The mayor of Ciudad Juarez denies that his city, which often tops lists of murder rates worldwide, is the most dangerous in Mexico. This is the latest in a long line of such statements from officials, showing how politically important it is for the government to downplay violence and claim success in its assault on the drug trade.
In an interview with a Texas news agency, Juarez Mayor Hector Murguia dismissed descriptions of Ciudad Juarez as “the most violent city in Mexico,” arguing that residents in the city as a whole feel secure. “I don’t have the figures in front of me, but a city where 150,000 people participate in a parade, where the parks are full every Sunday, where the movie theaters are always full, where the commercial zones thrive, is not the most dangerous city,” argued the mayor.
Such a sunny tone is not often used when discussing Juarez, which is widely considered to be the epicenter of Mexico’s drug war. A report released in January by Mexican think tank the Citizen’s Council for Public Security and Penal Justice (Consejo Ciudadano para la Seguridad Publica y Justicia Penal) found that Juarez had been the most dangerous city in the world for the last three years in a row. Its murder rate in 2010 was an astonishing 229 for every 100,000 inhabitants.
So far, 2011 is on course to be another bad year. Local newspaper El Diario de Juarez reported recently that murders were 40 percent higher in February than the same month the previous year, at 229 killings in the month. Meanwhile local media source Norte said that the 183 homicides in March brings the total number for the first quarter of 2011 to 636, a figure comparable to that of the same period in 2010.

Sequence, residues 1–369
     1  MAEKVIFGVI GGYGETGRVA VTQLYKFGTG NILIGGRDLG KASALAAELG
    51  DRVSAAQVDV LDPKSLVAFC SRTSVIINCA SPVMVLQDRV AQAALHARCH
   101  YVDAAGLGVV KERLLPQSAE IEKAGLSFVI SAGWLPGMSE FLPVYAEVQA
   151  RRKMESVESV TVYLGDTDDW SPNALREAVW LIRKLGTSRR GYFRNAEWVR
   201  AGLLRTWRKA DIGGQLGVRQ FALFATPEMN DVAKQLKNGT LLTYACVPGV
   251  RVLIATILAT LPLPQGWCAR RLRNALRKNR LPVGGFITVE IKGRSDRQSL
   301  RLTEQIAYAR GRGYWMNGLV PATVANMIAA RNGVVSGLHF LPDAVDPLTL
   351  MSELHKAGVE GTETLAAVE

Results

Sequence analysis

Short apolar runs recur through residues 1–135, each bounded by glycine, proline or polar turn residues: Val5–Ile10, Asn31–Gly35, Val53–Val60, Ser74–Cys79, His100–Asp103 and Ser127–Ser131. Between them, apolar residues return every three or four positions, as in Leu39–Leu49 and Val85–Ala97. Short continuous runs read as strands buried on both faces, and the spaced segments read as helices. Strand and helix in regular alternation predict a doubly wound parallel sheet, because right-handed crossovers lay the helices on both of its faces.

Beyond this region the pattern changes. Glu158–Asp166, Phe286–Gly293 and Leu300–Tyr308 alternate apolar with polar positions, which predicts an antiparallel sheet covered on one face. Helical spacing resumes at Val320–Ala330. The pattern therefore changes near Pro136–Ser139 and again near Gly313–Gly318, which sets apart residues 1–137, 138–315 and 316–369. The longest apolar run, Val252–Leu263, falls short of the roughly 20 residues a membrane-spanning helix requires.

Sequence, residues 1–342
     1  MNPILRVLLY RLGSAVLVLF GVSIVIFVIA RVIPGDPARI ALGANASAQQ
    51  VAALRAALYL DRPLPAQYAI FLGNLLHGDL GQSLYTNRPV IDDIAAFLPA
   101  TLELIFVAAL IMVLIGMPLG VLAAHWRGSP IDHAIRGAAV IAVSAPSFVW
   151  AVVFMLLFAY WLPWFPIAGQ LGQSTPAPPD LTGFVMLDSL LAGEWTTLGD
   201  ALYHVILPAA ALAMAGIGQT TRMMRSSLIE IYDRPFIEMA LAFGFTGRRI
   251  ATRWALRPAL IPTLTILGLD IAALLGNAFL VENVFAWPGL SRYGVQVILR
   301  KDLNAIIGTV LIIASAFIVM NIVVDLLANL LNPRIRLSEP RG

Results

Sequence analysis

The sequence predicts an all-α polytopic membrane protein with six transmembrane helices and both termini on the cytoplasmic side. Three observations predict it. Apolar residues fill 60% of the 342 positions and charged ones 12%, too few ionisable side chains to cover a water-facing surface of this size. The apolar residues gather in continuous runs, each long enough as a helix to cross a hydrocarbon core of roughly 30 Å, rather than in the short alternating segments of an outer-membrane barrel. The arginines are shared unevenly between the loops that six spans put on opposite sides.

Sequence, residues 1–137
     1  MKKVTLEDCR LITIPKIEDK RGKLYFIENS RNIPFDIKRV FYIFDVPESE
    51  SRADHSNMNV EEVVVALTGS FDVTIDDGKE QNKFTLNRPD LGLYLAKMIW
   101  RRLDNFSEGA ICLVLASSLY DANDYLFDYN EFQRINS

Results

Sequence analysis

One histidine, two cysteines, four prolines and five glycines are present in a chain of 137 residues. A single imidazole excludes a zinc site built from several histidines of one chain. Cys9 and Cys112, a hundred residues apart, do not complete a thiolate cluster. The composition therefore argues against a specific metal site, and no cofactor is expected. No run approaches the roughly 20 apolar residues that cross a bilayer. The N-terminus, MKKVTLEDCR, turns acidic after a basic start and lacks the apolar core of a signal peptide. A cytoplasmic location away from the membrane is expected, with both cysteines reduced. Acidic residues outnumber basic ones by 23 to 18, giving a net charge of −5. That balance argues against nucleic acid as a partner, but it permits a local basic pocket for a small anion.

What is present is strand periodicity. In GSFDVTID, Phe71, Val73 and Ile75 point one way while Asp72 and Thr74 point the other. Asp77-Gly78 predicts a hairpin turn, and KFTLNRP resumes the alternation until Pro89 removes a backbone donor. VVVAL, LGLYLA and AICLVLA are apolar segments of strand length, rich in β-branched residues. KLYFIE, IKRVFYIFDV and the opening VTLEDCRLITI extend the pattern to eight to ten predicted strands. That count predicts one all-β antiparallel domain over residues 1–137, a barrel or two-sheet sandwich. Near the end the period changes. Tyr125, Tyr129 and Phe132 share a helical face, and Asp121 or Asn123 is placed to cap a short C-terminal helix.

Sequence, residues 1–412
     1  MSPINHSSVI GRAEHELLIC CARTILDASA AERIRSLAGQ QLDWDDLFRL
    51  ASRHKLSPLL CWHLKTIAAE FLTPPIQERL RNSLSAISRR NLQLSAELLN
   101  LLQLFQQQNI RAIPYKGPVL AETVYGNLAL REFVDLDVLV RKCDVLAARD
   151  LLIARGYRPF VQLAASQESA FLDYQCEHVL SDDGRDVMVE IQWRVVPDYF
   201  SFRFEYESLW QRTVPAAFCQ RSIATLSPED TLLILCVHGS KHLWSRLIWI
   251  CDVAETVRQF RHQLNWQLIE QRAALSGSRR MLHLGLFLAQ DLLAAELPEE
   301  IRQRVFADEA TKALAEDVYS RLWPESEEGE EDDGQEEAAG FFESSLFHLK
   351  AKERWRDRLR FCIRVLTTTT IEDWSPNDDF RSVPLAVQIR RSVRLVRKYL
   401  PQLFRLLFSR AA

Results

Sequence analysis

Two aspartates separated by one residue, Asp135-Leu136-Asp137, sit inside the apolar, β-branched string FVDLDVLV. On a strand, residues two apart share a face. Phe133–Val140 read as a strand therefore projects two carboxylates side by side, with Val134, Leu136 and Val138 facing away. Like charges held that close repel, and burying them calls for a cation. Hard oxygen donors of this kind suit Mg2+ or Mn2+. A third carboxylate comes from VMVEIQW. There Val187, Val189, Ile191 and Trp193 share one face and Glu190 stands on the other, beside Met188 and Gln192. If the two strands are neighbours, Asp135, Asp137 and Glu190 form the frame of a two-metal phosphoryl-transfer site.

The mayor's seemingly incongruous comments in fact follow in a tradition of Mexican politicians attempting to reassure the public that President Calderon's drive against the cartels, which has been accompanied by a surge of violence since 2006, is worth the pain. In March Murguia said, in reference to the struggle against the drug gangs, "This is a war. We are winning the war."
Various figures have made these pronouncements, from then-Inspector General Eduardo Medina Mora saying in 2008 that "Even if it doesn't look like it, we are winning," to President Felipe Calderon's repeated·promises to a doubtful public·that "We are winning the war against organized crime."
Such reassurances are necessary as the death toll continues to climb. Even as the security forces have made advances, taking down kingpins and locking up thousands of gang members, the weakened gangs are more desperate and more ready to use force. Inter-cartel violence has increased as gangs fracture and fight amongst themselves, and drug-trafficking organizations are pushed out of their old zones of influence and forced to struggle for territory.
As InSight has documented, the Mexican people are beginning to tire of the horrific impact of the government's drug war, and lose faith that the violence is a necessary short-term effect before things start to improve.
It is particularly important for the authorities to claim success in Juarez, a prominent border city which has garnered much media attention for its level of violence. A year ago last month Calderon visited the troubled city and told its inhabitants that, thanks to his government's efforts, violence was beginning to die down.
Juarez is still waiting for a lull in the killings.
Murguia’s full interview with the Texas Tribune is embedded below.